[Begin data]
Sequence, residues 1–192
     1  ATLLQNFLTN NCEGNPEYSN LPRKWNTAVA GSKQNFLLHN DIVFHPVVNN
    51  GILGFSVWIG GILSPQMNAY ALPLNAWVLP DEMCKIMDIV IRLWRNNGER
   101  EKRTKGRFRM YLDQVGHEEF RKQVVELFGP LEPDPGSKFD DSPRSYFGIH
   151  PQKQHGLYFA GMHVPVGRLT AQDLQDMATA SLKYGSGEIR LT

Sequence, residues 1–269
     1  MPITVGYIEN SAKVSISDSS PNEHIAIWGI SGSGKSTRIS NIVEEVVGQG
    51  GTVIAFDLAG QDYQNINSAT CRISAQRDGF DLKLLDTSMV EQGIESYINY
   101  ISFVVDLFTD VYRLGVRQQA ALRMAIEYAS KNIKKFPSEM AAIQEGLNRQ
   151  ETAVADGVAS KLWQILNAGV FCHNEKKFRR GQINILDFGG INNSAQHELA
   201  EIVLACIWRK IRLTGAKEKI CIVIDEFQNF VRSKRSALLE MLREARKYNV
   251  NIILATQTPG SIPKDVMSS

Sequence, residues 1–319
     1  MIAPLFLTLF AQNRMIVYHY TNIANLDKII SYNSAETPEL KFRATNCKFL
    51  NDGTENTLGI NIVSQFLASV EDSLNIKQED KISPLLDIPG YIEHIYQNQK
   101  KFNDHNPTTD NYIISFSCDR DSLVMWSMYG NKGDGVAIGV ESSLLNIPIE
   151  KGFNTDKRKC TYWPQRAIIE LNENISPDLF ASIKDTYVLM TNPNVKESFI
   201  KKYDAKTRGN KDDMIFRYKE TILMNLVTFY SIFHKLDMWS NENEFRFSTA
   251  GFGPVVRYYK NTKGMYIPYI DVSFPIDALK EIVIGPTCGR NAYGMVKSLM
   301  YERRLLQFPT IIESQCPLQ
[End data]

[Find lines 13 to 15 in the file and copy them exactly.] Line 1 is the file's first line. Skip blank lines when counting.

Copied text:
Sequence, residues 1–319
     1  MIAPLFLTLF AQNRMIVYHY TNIANLDKII SYNSAETPEL KFRATNCKFL
    51  NDGTENTLGI NIVSQFLASV EDSLNIKQED KISPLLDIPG YIEHIYQNQK